Morocco, Longtime US Counterterrorism Ally, Attends Anti-ISIS Coalition Meeting in Washington

Washington, DC, March 23, 2017, Moroccan American Center for Policy (MACP) — Nasser Bourita, Morocco’s Minister Delegate of Foreign Affairs and Cooperation, was in Washington yesterday for a meeting of the Ministers of the anti-ISIS Global Coalition, convened by US Secretary of State Rex Tillerson to “review and accelerate the campaign for the lasting defeat of ISIS.” Morocco was the first Maghreb country to join the coalition, and was designated a non-NATO ally by President George W. Bush in 2004.

“Together, we share a resolve to deal ISIS or Daesh a lasting defeat,” said Secretary Tillerson in his remarks. “Our coalition is united in stopping an ISIS resurgence, halting its global ambitions and discrediting its ideological narrative. And we’re ready to grow stronger and stay aggressive in this battle.”

Secretary Tillerson outlined four countermeasures to “stay ahead of” ISIS: persisting “with in-country counterterrorism and law enforcement operations”; “greater intelligence and information sharing within our own domestic intelligence agencies and among our nations”; combating “a warped interpretation of Islam”; and breaking “ISIS’s ability to spread its messages and recruit new followers online.”

The countermeasures shared by Secretary Tillerson reflect the many ways Morocco has sought to tackle extremism and the threat of terrorism over the past few years. In May 2015, the country strengthened its counterterrorism operations by creating the Central Bureau of Judicial Investigation to bring different elements of the security sector under a central institution. That same year, Morocco’s Parliament enacted laws to criminalize “joining, or attempting to join a terrorist group; receiving terrorist training; and terrorist recruiting.” In addition to the anti-terrorist activities of its security forces, Morocco is taking steps to block terrorists’ access to financial resources and monitor religious organizations to ensure that donations are not used to finance terrorist activities.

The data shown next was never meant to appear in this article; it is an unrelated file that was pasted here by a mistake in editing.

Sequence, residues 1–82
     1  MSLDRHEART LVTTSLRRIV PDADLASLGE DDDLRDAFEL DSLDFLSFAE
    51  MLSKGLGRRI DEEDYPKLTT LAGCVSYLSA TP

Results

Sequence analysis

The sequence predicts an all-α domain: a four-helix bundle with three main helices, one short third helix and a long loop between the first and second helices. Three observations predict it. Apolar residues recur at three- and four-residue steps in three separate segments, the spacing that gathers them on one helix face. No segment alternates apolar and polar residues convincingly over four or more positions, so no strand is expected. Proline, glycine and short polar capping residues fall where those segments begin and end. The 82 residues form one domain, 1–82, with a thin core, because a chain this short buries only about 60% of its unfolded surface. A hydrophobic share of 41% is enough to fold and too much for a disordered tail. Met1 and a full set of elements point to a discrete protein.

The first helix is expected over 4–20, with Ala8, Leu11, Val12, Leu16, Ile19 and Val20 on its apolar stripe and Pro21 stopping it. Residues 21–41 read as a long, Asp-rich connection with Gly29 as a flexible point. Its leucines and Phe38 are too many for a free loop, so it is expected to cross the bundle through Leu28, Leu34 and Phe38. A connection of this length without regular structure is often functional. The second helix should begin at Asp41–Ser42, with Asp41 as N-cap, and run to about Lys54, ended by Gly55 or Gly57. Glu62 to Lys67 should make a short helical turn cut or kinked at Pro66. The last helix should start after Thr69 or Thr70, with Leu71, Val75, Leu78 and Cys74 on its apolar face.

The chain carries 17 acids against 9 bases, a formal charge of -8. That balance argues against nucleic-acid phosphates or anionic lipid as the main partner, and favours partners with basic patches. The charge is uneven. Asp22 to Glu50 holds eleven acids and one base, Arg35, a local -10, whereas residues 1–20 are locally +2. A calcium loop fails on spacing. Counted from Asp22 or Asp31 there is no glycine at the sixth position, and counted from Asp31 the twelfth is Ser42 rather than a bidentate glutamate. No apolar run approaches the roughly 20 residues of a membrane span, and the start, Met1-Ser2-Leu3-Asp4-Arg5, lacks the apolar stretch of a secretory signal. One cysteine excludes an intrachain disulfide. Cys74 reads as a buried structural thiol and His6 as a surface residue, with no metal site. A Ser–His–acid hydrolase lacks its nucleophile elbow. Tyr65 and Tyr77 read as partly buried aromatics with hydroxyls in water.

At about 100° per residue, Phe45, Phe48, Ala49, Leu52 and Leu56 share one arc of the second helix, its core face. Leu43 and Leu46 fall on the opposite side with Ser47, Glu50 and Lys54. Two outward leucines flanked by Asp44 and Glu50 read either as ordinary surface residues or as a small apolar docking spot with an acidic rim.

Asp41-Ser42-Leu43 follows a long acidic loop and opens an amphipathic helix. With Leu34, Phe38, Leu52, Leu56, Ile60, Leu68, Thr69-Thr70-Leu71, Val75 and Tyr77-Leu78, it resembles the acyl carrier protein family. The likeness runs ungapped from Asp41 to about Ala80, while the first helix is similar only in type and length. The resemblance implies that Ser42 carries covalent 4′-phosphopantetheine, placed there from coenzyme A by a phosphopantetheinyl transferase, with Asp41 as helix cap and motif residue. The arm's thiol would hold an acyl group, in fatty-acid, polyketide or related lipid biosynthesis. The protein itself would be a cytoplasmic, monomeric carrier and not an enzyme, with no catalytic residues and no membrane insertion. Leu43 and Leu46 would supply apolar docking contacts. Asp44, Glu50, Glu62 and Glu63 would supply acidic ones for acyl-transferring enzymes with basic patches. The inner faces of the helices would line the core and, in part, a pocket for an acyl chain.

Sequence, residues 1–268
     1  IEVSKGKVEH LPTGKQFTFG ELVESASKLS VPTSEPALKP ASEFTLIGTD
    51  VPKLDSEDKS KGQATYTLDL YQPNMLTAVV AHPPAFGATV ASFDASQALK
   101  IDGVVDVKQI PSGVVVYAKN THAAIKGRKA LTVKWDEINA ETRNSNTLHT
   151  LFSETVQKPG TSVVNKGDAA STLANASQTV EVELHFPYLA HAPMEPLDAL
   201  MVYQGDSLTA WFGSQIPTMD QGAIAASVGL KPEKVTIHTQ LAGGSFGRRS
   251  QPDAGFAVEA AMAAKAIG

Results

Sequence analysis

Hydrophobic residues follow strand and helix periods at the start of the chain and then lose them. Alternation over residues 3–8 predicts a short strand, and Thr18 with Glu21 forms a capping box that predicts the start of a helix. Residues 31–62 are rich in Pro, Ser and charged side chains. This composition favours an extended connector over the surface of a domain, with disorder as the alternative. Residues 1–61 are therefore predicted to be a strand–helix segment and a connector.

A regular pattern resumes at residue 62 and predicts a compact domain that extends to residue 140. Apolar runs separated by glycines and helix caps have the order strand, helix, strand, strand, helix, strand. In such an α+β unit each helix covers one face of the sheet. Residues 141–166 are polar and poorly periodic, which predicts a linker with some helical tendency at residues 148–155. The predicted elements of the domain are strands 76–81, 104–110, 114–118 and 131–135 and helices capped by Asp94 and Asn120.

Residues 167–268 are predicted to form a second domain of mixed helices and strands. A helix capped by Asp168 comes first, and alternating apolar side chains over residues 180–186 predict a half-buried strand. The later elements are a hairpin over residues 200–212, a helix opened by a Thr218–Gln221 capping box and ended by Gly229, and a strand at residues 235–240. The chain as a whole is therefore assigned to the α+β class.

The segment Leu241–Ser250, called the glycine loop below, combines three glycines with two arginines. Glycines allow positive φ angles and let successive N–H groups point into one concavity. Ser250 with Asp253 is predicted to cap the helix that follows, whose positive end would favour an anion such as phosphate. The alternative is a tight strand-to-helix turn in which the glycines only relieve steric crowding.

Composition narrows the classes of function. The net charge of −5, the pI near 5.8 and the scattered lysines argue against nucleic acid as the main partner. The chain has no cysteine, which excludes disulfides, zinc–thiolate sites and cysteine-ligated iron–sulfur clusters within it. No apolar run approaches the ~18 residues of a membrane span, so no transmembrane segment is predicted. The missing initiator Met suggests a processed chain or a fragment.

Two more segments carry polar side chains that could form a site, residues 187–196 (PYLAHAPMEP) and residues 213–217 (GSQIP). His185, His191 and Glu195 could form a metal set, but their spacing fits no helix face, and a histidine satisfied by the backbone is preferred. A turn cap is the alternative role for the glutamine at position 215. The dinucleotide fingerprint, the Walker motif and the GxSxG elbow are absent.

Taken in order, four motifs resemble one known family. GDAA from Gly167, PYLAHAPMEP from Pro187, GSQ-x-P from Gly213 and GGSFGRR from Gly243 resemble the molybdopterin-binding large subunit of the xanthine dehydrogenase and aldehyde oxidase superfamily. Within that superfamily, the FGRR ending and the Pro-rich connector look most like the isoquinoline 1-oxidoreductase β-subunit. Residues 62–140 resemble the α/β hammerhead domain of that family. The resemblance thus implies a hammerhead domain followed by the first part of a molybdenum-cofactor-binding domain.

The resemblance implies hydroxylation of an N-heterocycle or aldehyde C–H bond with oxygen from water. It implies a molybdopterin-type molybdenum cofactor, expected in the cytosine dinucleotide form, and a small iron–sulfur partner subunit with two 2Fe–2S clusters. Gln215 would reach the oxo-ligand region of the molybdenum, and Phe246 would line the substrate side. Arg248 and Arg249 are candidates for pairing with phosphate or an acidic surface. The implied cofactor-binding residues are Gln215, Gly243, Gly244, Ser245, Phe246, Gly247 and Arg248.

Morocco has been a strong proponent of greater intelligence sharing and maintains close intelligence relations with the US and countries throughout Europe and the Middle East. Following the November 2015 terrorist attacks in Paris, Morocco provided the intelligence that enabled French police to locate the mastermind of the attacks and arrest a Belgian national with direct links to the Islamist gunmen and bombers.

Morocco has also been at the front lines of the ideological battle against religious extremism. Since the early 2000s, the country has reorganized its religious structures—upgrading mosques, publishing an official bulletin of imams, creating a Directorate of Religious Education within the Ministry of Islamic Affairs, training both men and women as religious preachers, among other steps—to protect against radicalization. In a scathing rebuke of Islamic extremism, King Mohammed VI said in a speech delivered to the nation in August 2016, “Those who engage in terrorism, in the name of Islam, are not Muslims… They have strayed from the right path, and their fate is to dwell forever in hell.”

“The meeting was an opportunity to highlight the vision of His Majesty the King to fight the terrorist threat,” said Minister Bourita. “It is a multidimensional approach that includes preventive and repressive aspects.”

Representatives from all 68 member countries and organizations attended the meeting; from North Africa, Minister Bourita was joined by representatives from Egypt, Libya, and Tunisia.


 Contact: Jordana Merran, 202.470.2049

The Moroccan American Center for Policy (MACP) is a non-profit organization whose principal mission is to inform opinion makers, government officials, and interested publics in the United States about political and social developments in Morocco and the role being played by the Kingdom of Morocco in broader strategic developments in North Africa, the Mediterranean, and the Middle East.

This material is distributed by the Moroccan American Center for Policy on behalf of the Government of Morocco. Additional information is available at the Department of Justice in Washington, DC.


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